The evolution of body art through the ages has resulted in some incredible scientific advances in the fields of both putting ink into people and taking it out. While generally speaking, the methods used for administering tattoos haven't changed too much over the centuries – after all, there's only so many ways you can inject ink under a person's skin – the past few decades have seen substantial innovation when it comes to tattoo removal.
Fortunately for those stricken with tattoo regret these days, the more grisly methods of ink excision from bygone eras have largely fallen by the wayside in favor of more precise, technologically advanced and user-friendly techniques.
Tattoos and you: An overview
If you want to understand how tattoo removal works, it's a good idea to take a brief crash course in what exactly a tattoo is in the first place. You know that needles and ink are involved, but why is it permanent? What keeps the tattoo from flaking off as skin layers change? Where does the ink go?
The process of tattooing is, conceptually, a fairly simple one. A needle dipped in ink is inserted into the skin – about one-eighth of an inch, according to BrainStuff – and the ink is deposited there. The depth is enough to sink below the outer layers of skin, which typically shed and flake off, and reach the dermis, the permanent layer of inner skin underneath. The ink then just sits there on the dermal layer of skin, held in place by the outer layers which, conveniently enough, are transparent, both allowing your tattoo to be seen and providing it with an invisible protective layer from sun, water and time. Because a simple needle is the only required piece of equipment, tattoo methods vary greatly, from the electric tattoo guns of modern U.S. shops to the older art of tebori – tattooing by hand – common in Japan.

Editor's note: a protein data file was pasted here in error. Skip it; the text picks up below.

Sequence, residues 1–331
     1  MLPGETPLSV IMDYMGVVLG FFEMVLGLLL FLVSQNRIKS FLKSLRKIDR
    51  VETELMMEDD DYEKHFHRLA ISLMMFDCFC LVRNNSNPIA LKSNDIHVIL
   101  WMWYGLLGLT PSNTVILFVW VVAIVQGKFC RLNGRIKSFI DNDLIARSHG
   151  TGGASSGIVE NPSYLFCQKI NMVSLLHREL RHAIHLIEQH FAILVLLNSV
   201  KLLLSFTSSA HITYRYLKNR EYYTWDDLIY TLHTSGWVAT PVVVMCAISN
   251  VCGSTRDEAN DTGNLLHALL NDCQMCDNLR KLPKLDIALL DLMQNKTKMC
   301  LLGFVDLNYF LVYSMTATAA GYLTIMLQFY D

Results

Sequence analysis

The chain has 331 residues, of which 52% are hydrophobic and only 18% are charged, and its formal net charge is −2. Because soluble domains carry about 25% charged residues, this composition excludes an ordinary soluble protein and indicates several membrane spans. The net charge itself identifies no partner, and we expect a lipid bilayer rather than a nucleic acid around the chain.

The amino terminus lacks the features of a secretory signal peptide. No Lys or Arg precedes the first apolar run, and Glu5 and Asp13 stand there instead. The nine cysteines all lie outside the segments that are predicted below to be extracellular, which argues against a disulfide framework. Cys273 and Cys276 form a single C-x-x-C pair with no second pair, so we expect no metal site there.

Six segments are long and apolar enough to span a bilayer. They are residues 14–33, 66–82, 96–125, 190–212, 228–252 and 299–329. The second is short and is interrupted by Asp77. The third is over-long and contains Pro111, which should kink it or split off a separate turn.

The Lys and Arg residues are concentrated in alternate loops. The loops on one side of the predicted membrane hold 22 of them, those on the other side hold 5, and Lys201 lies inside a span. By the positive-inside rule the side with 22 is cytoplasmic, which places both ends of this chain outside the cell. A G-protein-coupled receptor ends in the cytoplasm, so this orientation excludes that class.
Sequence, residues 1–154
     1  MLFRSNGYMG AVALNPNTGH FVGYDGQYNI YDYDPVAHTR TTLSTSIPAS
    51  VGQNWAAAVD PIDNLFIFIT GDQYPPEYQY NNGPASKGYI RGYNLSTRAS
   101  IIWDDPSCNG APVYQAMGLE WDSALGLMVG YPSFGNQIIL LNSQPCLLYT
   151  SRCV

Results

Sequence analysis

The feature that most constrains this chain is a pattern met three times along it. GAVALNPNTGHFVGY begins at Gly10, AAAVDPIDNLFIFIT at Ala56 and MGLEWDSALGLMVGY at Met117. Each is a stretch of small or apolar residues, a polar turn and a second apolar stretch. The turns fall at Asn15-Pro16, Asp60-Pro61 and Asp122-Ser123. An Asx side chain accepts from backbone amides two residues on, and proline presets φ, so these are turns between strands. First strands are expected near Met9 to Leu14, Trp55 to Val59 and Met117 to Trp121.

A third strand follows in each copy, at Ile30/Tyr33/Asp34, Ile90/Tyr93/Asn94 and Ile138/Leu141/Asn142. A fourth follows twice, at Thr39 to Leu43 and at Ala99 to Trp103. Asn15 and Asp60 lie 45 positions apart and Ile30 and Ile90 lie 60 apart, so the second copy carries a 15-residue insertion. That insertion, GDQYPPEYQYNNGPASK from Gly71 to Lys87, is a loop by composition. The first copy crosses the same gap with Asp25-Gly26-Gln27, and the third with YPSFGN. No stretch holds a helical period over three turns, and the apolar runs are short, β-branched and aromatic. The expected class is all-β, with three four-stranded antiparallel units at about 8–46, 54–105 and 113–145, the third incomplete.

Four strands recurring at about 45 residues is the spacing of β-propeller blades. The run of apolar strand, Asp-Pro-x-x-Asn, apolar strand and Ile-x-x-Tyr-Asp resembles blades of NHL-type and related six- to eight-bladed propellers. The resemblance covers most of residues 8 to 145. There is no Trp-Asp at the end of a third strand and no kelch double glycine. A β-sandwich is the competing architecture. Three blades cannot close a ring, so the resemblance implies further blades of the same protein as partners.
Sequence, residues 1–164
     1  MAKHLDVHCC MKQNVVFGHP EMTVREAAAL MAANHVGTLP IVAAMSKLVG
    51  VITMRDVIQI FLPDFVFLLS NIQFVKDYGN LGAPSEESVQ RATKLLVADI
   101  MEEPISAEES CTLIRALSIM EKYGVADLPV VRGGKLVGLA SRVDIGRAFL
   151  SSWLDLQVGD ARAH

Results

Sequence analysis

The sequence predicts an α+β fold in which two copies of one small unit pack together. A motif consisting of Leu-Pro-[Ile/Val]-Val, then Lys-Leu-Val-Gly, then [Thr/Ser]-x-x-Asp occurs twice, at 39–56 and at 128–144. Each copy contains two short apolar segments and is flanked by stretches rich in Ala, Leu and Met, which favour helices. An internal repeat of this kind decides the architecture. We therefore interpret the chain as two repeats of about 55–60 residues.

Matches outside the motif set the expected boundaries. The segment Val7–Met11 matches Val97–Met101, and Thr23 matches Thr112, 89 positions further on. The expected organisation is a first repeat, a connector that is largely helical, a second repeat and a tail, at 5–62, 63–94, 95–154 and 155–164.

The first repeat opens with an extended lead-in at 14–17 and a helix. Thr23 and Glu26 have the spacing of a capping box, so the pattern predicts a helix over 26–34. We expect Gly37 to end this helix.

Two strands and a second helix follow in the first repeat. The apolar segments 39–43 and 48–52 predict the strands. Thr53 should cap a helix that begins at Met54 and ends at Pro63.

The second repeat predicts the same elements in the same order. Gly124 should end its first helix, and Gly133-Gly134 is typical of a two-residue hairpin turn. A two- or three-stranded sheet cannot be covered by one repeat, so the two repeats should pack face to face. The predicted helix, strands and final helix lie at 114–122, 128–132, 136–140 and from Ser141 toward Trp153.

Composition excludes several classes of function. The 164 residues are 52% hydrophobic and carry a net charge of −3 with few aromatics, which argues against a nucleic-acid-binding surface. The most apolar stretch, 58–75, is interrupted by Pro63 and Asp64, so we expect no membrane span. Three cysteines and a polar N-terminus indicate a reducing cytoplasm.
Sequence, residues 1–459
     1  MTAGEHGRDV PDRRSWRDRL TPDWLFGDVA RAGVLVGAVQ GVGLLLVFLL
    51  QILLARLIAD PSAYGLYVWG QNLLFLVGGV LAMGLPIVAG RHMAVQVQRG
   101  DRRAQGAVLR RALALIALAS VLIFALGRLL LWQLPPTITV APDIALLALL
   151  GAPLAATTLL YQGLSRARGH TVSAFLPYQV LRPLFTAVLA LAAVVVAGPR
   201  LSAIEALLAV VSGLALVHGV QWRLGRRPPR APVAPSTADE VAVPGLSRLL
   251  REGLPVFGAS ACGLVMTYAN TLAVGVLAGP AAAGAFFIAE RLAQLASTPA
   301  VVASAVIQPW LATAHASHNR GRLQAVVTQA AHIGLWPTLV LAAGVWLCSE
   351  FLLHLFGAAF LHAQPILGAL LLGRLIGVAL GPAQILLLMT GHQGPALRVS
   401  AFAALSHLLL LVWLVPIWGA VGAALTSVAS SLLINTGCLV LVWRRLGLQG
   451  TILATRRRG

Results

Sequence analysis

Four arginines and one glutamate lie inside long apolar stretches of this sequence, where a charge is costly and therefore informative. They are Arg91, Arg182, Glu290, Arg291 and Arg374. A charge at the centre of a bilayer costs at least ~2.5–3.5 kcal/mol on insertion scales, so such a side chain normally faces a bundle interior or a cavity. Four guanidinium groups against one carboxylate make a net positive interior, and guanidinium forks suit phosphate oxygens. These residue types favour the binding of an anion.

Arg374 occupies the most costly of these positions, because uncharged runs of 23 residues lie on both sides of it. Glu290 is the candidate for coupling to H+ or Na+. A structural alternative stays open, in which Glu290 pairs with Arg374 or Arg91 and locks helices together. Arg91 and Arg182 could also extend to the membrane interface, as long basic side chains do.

Undo your tattoo
Because tattoos rest on the inner layer of skin, people often ask: Can tattoos be removed? Widely thought to be permanent, what goes in can come out again using the right procedures. Earlier tattoo removal methods were nothing short of ghastly, but fortunately, the advent of modern science has granted us with a few practices that weren't quite so medieval. CNN outlined some of the more common modern methods. One such method is dermabrasion, where the tattooed skin is literally sanded down to expose and remove the ink – salabrasion is a similar method that involves application of a heated salt solution that is then scraped away.
The good news is the new millennium has brought with it new technology, and laser tattoo removal is now by far the most common and least damaging removal method. Unlike all previous methods, even the modern ones, that relied on brute force and inflicting trauma to the skin, laser removal harnesses the power of science to provide a much less invasive and damaging solution for tattoo erasure. CBS News explained the process, indicating that the laser is programmed to detect and react to ink molecules of a specific color – usually black. This laser zaps the ink and obliterates it into particles that are so small the body's natural processes can carry it away – no muss, no fuss and no residual scarring.
PicoSure® is the latest technology for laser tattoo removal and offers faster and better removal in fewer treatments. PicoSure shatters ink into smaller, dust-like particles which are more efficiently absorbed by the body's natural processes. It is the first and only aesthetic picosecond laser that is FDA-cleared for the removal of tattoos. Visit www.picosurear.wpengine.com to learn more and find a PicoSure Practitioner near you.